Two significant things have occurred in the past three decades: government services have been slashed, and gay and lesbian identities have been, to some degree, normalized. As a result, the LGBT+ movement has become almost entirely driven into the nonprofit industrial complex. This was part of a generalized boom in nonprofits, from three thousand in 1965 to 1.5 million today. The nonprofit industrial complex is the very narrow stage for the assimilation debate today. Particularly, the nonprofit called the Human Rights Campaign carries on the legacy of the homophile movement. Other nonprofits attempt to carry on the legacy of Stonewall, although even the most radical are under constant conservative pressure.

The Human Rights Campaign

The Human Rights Campaign (HRC) organizes in significantly less adverse conditions and with significantly more resources than the Mattachine Society could ever have dreamt of: it has an annual income of over $45 million and corporate sponsors like Citibank and Apple. Nonetheless, the goal of the Human Rights Campaign is strikingly similar to that of the old homophile movement: assimilation into the capitalist and patriarchal system.

Like the Mattachine Society, the HRC focuses on the most narrow issues. For them, this means fighting for same-sex marriage and against the ban on LGBTQ+ people in the military. Trans people are consistently left out of the equation, as in the HRC’s support for a version of the Employment Non-Discrimination Act that does not include trans people. The HRC attempts to show that gay and lesbian people are respectable, patriotic Americans. The HRC campaigns for Democrats and cozies up to the country’s most vile capitalists. In 2017, the group even gave Jeff Bezos an “Equality Award,” while Amazon workers labor in inhumane conditions for minimal wages.

Unlike capitalists during the era of the homophile movement, a whole sector of the country’s capitalists now actually wants to attend gay galas. And unlike the leaders of the homophile movement who poured money from their own pockets into their organizing, the CEO of the HRC makes about half a million dollars a year. The HRC, with all its power and resources, controls the agenda of the mainstream LGBTQ+ movement, constraining it to a narrow set of demands to be achieved by campaigning for the Democratic Party.

Queer Liberation Nonprofits

The HRC is not the only kind of LGBTQ+ oriented nonprofit. Some others embrace a politics that is much more intersectional and radical: groups like the Sylvia Rivera Law Project, the Audre Lorde Project, and Queers for Economic Justice. Some authors have called these groups queer liberation organizations. They are the neoliberal manifestation of the dreams of Stonewall. Like the Stonewall-era organizations, they lack a cohesive strategy for liberation, and on top of that, they are stuck in a rat race for funding.

To their credit, these organizations offer an expansive view of queer liberation that includes discussions of the prison industrial complex, the immigration system, and the neoliberal rollback of government services. Some, like the Stonewall-era organizations, incorporate a critique of capitalism. They are for what Dean Spade has called “trickle up social justice”: the idea that organizations should first tackle the issues that affect the most marginalized, which would also benefit all the strata above them.

And although these nonprofits encourage people to imagine a liberated future, in terms of strategy, they don’t offer much more than a plan for reforms. Like the members of the GLF, the progressive queers who work at these nonprofits don’t agree on their goals or on their strategy to achieve them. Is the goal cultural change? To expand government services? Given the lack of clear political agreement, the conservative pressures put on nonprofits are even harder to withstand.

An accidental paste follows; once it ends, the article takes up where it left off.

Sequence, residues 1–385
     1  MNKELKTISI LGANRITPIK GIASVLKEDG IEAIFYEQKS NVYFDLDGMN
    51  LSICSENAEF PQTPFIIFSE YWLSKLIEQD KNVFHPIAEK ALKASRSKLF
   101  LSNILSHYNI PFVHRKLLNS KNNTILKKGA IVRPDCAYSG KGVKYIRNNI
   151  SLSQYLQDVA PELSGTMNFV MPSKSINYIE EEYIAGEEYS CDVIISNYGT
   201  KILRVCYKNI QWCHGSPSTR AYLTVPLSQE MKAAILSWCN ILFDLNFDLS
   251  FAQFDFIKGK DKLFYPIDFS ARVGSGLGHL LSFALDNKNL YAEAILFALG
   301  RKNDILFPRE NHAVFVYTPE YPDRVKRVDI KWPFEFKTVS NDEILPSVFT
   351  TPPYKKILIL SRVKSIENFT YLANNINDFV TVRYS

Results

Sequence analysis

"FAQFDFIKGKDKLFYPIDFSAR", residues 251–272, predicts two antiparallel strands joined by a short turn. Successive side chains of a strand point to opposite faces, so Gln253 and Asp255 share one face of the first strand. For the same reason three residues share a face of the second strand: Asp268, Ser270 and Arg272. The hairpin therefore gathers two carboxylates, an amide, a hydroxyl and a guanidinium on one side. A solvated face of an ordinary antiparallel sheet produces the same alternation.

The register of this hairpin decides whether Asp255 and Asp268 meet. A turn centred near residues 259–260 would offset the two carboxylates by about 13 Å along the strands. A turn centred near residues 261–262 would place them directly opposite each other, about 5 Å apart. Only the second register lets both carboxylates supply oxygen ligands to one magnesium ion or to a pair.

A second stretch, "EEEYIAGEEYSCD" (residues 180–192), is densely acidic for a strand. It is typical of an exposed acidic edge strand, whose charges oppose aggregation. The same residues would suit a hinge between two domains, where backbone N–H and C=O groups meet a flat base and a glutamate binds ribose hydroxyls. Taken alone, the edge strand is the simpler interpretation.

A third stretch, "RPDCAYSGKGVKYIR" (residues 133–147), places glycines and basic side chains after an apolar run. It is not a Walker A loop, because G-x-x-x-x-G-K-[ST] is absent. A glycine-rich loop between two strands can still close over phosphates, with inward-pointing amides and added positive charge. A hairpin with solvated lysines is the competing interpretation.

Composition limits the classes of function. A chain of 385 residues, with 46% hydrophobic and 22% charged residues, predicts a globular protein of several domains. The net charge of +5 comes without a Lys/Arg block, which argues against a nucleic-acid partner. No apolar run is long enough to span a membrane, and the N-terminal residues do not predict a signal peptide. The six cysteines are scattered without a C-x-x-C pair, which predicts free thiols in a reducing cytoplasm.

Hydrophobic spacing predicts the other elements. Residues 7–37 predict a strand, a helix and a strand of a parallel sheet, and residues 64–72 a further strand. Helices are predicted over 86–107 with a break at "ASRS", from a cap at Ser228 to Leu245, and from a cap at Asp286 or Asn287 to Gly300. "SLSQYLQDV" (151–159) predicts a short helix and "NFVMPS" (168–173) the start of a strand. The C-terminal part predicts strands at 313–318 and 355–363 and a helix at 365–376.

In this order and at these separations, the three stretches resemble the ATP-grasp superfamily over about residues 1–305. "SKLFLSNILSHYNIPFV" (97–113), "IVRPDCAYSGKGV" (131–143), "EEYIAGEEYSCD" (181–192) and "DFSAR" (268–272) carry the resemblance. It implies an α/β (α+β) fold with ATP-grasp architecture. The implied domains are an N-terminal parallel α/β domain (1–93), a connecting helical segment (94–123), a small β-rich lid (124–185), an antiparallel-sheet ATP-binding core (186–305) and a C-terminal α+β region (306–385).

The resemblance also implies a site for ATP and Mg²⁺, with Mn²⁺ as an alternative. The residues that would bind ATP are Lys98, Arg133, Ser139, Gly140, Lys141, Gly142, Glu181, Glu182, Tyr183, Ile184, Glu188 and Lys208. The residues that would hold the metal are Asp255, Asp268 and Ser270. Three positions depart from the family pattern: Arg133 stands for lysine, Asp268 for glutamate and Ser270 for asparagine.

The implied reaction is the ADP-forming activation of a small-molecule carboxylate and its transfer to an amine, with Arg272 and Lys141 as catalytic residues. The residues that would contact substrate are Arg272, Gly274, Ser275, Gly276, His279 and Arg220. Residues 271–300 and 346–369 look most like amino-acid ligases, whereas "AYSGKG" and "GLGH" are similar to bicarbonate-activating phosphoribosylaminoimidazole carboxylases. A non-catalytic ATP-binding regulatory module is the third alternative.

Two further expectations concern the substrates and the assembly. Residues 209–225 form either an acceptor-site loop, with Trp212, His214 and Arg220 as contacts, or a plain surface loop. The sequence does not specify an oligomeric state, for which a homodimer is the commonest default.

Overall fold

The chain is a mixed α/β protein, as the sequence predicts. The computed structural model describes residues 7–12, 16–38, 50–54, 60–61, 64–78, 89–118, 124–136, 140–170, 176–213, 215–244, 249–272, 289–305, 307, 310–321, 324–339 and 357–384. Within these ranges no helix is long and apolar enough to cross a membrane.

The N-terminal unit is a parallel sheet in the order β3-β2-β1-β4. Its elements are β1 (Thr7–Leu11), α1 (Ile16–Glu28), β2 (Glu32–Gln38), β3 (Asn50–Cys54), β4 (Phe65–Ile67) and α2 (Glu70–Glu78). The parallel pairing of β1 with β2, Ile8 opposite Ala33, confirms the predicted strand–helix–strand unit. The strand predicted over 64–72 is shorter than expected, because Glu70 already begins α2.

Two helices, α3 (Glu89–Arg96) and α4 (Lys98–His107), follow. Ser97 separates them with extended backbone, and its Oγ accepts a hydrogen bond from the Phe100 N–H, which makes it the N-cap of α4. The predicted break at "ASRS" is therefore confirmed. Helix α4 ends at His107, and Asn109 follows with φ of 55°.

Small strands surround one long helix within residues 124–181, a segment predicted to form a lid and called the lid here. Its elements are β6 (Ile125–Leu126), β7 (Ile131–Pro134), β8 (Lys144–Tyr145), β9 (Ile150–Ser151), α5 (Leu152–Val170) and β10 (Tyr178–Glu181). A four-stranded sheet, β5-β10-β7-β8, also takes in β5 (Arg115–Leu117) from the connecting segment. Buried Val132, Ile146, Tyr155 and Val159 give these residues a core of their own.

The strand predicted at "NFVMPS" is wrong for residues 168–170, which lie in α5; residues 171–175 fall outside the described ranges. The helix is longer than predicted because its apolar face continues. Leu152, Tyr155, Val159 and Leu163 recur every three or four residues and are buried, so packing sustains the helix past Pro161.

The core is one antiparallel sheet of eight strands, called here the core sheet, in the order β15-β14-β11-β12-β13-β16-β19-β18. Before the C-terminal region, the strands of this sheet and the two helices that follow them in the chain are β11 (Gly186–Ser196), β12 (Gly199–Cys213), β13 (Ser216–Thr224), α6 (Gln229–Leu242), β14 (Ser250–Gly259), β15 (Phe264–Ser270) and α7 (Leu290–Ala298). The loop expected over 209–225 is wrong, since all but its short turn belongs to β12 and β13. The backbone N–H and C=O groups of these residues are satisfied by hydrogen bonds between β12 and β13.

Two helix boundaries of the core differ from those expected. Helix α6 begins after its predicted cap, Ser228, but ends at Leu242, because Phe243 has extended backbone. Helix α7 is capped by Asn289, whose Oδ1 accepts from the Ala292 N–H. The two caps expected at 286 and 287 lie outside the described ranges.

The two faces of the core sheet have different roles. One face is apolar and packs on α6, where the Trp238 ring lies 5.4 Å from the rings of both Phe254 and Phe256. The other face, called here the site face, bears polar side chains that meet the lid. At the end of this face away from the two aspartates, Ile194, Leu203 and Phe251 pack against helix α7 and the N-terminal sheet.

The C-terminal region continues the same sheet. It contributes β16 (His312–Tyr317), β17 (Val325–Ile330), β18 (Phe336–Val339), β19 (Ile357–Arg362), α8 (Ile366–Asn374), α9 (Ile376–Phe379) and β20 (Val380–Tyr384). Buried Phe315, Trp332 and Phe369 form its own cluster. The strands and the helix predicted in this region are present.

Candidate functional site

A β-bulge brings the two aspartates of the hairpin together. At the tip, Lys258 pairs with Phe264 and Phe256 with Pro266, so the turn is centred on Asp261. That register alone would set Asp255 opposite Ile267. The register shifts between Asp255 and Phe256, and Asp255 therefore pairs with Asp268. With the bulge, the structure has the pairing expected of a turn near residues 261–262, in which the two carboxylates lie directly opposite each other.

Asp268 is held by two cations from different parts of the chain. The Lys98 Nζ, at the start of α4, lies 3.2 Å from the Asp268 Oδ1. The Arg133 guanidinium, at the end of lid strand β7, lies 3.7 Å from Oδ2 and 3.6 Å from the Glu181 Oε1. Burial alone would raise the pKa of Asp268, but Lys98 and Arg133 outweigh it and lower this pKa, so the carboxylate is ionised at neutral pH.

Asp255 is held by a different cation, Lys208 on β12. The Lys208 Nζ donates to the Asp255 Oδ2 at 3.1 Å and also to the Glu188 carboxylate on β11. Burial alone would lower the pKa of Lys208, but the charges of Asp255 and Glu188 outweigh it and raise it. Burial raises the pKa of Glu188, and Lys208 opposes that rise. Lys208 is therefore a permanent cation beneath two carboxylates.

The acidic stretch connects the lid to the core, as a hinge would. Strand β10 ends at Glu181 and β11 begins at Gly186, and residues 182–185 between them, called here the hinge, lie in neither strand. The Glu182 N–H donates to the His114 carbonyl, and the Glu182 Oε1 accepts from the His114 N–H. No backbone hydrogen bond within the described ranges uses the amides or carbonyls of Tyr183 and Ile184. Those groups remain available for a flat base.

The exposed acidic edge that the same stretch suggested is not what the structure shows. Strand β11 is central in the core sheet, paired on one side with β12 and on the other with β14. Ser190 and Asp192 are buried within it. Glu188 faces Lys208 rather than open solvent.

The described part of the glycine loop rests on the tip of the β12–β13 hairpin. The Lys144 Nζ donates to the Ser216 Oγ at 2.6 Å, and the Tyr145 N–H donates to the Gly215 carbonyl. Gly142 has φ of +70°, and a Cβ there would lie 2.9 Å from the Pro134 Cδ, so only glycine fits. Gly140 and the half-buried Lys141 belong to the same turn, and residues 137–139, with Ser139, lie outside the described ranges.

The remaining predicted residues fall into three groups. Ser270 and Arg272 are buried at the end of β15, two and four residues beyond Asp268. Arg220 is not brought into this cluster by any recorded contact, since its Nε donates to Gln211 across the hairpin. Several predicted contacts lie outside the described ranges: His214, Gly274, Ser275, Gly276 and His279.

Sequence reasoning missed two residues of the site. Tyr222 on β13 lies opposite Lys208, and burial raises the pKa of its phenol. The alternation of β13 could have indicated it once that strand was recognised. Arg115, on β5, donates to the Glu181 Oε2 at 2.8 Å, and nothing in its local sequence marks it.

Many of these nonprofits provide important and much-needed services for the queer community. Yet, as Myrl Beam argues in Gay Inc., the real need to get funding to provide these services is a material, conservative pressure. Logan, a nonprofit worker, says that “when the mission is to subvert the very institutions that made it possible to get the grant, it has to be hard, because you’re using a tool that is designed to maintain a structure you are trying to dismantle.”13Myrl Beam, Gay Inc: The Non-Profitization of Queer Politics (Minneapolis: University of Minnesota Press, 2018). Many people who work at nonprofits know this: despite the most left-wing intentions, nonprofits could keep providing services forever without ending capitalism and without actually creating a society free of exploitation and oppression. This is the problem with queer liberation nonprofits: they will never deliver queer liberation.

We cannot have queer liberation in a society based on the exploitation of the many for the profits of a few. This is why our rights are not a ladder, why our rights cannot accumulate toward liberation, and why intersectional exploitation and rainbow CEO’s cannot liberate us—because for the majority of queers, who belong to the working class, many of whom are of color, a gay president won’t change the fact that we struggle to make a living. It is also why our sexuality in itself is not the site for liberation, as the appropriation and commodification of queer sexuality makes clear. But intersectionality and fighting for reforms and services for those on the bottom are insufficient for queer liberation. A critique of capitalism is not enough to free us from it.

Queer liberation is only possible in a society built for people, not profit—a society in which all our material needs are fulfilled, and further, a society that provides free time and liberates our creative potential: in communism.

The Fight for Socialist Revolution

Our oppression and exploitation cannot be ended by changing only the culture. Our oppression is rooted in the institutions of the capitalist state: the prisons, the cops, the schools, as well as in the role of Christianity in the state. It is rooted in the gender roles that are necessary to extract unpaid reproductive labor primarily from women, as well as in the general alienation inside and outside the workplace. It is rooted in a society of sexual misery,in which we wear down our bodies and minds on the job so that we are only a shadow of ourselves when we come home. We cannot reform our way out of this: we need a revolution that expropriates the capitalists, creating the material basis for massive cultural changes to liberate our gender, sexuality, and all of humanity. This is the goal of communism.